This isn’t, of course, a criticism of the exhibit or the cabinets – they were fantastic. Again, playing games on a stand-up cabinet does change the experience: Metanet’s N, a game I’ve mostly enjoyed as a solo experience on PC and Nintendo DS, certainly took on new qualities with a co-op partner on an arcade machine. However, using it to recall the lost feelings of forgone arcade culture is easier said than done. For some of us, that would include reproducing the smokey turmoil of having perspiring hands slip off the joystick as you hammer away at the sticking buttons of the Capcom’s 1943 game, jedi-focused by the anxiety of being on your last quarter… On second thought, maybe not the best memories to evoke.
Blending nostalgia with the new, along with a nod to a history of lost practices, is admirable for such events, especially since the arcade spaces that hosted such practices are few and far between these days. However, the Arcadian Renaissance was more than what was sold in Nuit Blanche promo copy. It was a celebration of Toronto’s indie games presented in an interesting way, yes, but also a public start to something that will bring exposure to the talented game developers involved at future shows and events.
The Hand Eye Society’s Jim Munroe, curator and producer of the exhibit, told me they plan to convert some of single game machines to play multiple games and tour them around Toronto much like their existing Torontron unit.
Beyond this, the exhibit was also a celebration of play – the root of why gaming in all its forms instantly and continuously intrigues us. One of the highlights of the Arcadian Renaissance was a midnight tournament featuring Nidhogg, a new game by New York indie developer Messhof.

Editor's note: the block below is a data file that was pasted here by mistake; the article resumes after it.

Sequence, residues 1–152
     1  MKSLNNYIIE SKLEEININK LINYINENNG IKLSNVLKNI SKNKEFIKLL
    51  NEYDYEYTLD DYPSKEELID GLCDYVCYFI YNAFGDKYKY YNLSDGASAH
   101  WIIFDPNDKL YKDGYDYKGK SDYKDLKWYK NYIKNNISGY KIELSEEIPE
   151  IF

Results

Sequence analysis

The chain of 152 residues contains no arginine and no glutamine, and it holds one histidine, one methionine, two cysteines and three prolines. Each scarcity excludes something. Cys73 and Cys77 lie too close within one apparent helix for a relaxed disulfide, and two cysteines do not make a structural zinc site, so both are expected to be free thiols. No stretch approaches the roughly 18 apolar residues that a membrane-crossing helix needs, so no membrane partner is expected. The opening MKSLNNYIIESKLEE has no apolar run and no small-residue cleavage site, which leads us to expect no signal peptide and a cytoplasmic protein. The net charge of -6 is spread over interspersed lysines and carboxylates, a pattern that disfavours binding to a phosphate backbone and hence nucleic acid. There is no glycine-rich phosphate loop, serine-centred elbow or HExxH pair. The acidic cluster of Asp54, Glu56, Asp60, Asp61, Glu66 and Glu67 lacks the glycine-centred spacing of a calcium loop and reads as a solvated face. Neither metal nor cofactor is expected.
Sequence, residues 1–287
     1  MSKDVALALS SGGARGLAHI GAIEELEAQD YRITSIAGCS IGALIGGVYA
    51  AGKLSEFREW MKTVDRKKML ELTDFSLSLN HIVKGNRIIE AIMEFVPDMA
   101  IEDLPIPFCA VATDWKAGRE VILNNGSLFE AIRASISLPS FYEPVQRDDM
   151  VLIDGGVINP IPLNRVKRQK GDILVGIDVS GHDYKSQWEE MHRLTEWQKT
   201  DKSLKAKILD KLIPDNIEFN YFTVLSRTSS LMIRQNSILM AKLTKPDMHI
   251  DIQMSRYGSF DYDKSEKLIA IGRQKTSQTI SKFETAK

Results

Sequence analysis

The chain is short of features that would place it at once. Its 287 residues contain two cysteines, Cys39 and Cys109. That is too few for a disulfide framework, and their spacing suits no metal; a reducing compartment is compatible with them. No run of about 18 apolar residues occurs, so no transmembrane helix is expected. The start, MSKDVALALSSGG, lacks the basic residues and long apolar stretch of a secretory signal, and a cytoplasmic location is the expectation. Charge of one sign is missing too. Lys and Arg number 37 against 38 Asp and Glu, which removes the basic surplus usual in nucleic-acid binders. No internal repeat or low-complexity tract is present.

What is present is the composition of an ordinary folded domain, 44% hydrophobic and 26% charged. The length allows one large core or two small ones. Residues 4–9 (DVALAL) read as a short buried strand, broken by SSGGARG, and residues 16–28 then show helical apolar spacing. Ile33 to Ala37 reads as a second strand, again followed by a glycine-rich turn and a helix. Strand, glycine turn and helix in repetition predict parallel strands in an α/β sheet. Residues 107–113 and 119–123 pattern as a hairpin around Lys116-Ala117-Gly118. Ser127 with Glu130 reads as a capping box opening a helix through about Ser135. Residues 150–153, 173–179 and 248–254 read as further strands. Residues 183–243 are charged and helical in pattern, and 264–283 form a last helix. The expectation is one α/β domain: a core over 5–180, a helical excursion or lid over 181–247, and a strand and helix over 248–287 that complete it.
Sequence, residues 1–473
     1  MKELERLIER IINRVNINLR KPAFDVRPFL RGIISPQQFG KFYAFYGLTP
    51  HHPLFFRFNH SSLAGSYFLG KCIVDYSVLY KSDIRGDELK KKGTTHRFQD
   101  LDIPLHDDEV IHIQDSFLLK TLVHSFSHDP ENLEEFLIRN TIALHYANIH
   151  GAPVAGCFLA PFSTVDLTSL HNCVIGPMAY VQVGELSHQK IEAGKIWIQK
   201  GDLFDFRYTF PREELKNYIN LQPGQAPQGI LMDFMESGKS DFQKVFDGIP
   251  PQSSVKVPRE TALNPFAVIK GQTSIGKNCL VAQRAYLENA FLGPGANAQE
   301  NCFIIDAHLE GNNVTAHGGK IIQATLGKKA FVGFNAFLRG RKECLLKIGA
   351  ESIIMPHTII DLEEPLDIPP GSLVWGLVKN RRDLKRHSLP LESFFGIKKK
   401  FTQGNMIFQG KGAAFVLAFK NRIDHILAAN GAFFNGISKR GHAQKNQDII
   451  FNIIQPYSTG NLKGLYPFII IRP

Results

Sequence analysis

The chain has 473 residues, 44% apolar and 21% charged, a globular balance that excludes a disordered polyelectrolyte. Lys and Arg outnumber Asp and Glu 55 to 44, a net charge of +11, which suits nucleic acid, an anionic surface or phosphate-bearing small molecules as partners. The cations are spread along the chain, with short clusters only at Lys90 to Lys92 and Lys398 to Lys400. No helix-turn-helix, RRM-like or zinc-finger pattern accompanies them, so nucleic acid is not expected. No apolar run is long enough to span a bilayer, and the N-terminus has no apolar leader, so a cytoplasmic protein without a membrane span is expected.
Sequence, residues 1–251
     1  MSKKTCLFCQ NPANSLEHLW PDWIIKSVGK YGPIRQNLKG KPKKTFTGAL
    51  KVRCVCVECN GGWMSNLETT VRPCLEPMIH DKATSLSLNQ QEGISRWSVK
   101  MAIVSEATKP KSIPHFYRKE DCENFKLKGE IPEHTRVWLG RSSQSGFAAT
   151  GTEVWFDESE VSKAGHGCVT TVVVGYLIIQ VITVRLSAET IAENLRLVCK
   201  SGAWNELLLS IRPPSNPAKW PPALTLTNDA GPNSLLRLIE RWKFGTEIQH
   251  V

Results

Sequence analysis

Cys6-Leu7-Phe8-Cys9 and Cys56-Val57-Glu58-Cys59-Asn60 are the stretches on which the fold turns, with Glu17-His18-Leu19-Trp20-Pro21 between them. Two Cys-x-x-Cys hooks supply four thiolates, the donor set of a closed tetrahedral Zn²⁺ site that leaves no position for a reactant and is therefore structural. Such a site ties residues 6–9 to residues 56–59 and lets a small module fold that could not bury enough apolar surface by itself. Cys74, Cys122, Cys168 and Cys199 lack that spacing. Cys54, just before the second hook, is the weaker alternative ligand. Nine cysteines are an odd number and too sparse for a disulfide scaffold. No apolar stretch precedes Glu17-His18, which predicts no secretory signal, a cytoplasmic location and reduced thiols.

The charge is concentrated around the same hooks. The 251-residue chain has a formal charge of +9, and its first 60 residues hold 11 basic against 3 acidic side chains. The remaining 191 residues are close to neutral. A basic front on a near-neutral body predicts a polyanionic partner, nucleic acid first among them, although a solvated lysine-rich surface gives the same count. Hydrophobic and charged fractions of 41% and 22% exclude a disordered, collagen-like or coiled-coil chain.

Nidhogg seems to be the perfect player vs player competition – what Munroe describes as “bloodsport for nerds.” Styled with retro visuals, the game pits players against each other in a relatively simple back and forth battle, where one player who must progress all the way right is opposed by a rival who must progress all the way left.
It didn’t take long for the Nidhogg tournament, projected on the wall for the many Nuit Blanchers in the Lightbox to see, to electrify the growing crowd. Such a game is as much fun to watch as it is to play, much to the chagrin of the obsessive building staff member directing everyone there to “watch the video games” out of the building’s thoroughfares.
As the tournament projected on the wall advanced, it did so alongside this related but physical incarnation of the same gameplay mechanics on display: The back and forth action of Nidhogg was accompanied by the back and forth competition between the Arcadian Renaissance audience and the Lightbox staffer trying to keep the laneways clear. Nidhogg’s virtual conflict, unfortunately for the staffer, was more real for most onlookers. For the staffer, it was his battle to lose, his only weapon being vocal persuasion. At least the characters in Nidhogg had swords…
Overall, it was great to see game-related representation at Nuit Blanche, something I suspect we’ll see more of in the future. In particular, it was also nice that both events celebrated not only playing games but also playing with them. Creatively experimenting with games and the hardware that makes them possible, as well as creatively experimenting with the individual ways we engage with them, make up practices that are as culturally significant as the games themselves.
Visit the Hand Eye Society for information about where to play Arcade Renaissance games in and around Toronto. They have also posted this video about the event. Finally, check out Rock Paper Shotgun’s recent impressions of Nidhogg.